Ratliff said, “Coordinating dynamic switching in software is difficult, even if your hardware is already capable. That’s why this Silicon Labs announcement is important.” Ratliff added that Silicon Labs “has done the hard software work to ensure that dynamic switching is easy and reliable without the OEM needing to write all the low-level radio scheduler software.”
Intelligent Zigbee and Bluetooth Scheduling (Source: Silicon Labs)
Silicon Labs’ Cooley noted, “Think about a wireless network like Zigbee… a low-duty cycle radio network that doesn’t really need to be ‘on’ all the time. In contrast, BLE is an unforgiving wireless network that must be maintained all the time.” A “dynamic multi-protocol radio scheduler” comes into play for time-slicing among two different wireless networks, all the while maintaining multiple radio protocols.
Next page: Bending Micrium RTOS to IoT
Bending Micrium OS to IoT
A year ago, Silicon Labs acquired Micrium, a supplier of real-time operating system software. The purchase of Micrium was motivated by the need to support Silicon Labs’ customers who want an RTOS for their IoT apps.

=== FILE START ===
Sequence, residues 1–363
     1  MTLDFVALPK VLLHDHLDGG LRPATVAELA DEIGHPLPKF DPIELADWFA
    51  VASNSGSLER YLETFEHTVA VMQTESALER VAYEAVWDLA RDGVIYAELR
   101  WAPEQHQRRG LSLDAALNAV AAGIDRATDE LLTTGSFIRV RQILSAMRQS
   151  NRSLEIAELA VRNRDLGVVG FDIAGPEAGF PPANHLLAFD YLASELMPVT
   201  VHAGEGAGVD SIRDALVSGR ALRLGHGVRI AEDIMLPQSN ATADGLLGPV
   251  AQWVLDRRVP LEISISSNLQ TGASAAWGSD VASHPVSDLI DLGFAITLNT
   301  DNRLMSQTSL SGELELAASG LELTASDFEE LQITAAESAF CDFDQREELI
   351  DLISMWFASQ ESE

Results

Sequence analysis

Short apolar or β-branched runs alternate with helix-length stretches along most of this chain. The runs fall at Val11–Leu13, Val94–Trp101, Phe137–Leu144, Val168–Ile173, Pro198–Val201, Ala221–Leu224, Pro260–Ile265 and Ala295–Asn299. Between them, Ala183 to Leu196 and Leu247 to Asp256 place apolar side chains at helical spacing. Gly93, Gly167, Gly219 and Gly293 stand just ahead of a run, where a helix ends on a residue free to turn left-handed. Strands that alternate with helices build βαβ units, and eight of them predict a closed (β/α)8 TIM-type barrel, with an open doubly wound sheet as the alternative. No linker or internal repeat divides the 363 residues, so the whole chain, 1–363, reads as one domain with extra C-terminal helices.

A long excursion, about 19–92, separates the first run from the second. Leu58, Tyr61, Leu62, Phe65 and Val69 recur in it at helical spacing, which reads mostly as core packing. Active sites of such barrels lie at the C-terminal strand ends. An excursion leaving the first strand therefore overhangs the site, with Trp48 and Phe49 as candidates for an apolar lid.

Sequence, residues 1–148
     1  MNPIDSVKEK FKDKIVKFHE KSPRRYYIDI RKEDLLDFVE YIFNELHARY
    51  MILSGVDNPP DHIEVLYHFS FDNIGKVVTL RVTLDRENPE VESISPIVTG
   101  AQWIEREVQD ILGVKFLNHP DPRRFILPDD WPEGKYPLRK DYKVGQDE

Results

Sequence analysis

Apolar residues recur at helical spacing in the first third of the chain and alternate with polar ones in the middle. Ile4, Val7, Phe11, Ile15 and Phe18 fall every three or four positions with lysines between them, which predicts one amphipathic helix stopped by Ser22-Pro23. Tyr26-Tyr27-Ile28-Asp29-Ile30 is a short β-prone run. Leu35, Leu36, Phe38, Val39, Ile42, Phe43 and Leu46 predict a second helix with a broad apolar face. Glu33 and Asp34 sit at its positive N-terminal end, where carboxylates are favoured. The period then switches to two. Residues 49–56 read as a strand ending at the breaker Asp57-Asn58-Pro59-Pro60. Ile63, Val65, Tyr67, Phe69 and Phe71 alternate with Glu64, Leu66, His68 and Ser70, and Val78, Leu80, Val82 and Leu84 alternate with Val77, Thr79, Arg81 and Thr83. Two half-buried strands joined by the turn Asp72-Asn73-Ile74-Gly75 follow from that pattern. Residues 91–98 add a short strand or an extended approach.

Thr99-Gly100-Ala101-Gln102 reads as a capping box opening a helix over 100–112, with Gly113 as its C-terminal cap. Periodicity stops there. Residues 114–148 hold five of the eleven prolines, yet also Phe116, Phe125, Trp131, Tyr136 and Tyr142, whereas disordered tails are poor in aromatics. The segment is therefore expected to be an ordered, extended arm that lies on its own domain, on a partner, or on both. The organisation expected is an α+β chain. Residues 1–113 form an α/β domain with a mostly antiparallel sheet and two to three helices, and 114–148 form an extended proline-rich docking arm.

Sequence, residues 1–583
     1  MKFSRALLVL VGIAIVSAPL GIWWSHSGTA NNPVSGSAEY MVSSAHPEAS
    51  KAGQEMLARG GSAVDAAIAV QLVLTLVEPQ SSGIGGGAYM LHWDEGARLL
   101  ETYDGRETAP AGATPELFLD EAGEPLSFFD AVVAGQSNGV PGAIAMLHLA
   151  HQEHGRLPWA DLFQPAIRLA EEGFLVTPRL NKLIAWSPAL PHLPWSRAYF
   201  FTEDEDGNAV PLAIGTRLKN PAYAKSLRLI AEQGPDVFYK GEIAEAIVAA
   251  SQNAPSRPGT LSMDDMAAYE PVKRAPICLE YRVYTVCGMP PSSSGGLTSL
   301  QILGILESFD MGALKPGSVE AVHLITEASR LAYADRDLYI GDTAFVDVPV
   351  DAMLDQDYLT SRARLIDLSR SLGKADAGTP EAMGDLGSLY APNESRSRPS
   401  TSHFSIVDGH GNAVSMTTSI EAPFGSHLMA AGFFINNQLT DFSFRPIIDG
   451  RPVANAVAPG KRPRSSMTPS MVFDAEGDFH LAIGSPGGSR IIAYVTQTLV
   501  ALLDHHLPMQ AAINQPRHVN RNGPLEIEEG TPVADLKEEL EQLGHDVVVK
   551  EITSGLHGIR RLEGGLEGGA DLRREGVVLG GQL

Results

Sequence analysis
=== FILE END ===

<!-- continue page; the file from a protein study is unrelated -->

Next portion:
However, more important, owning Micrium empowers Silicon Labs to “bend the kernel of Micrium RTOS for connected IoT applications,” explained Cooley, so that the RTOS can support dynamic radio schedulers, while meeting real-time requirements in wireless protocol stacks. “Our long-term strategy is to make Micrium an IoT OS, and that is paying off now,” he added.
IHS Markit analyst Ratliff explained that the dynamic multi-protocol radio scheduler is very low level in the software stack — just above the OS, but under the connectivity stack. “At this low level, it’s very important to have essentially unrestricted access to the OS for best performance,” he noted.
MicriumOS and the Radio Scheduler coordinate timing between Bluetooth and Zigbee stacks (Silicon Labs)
In short, he said, “You can only do this by owning the OS or having an extremely good partnership with the OS vendor. You not only need low-level OS support, but you also want to make sure that your solution doesn’t break when the OS version is revised. If you don’t own the platform you’re building on, you are at the mercy of someone else.”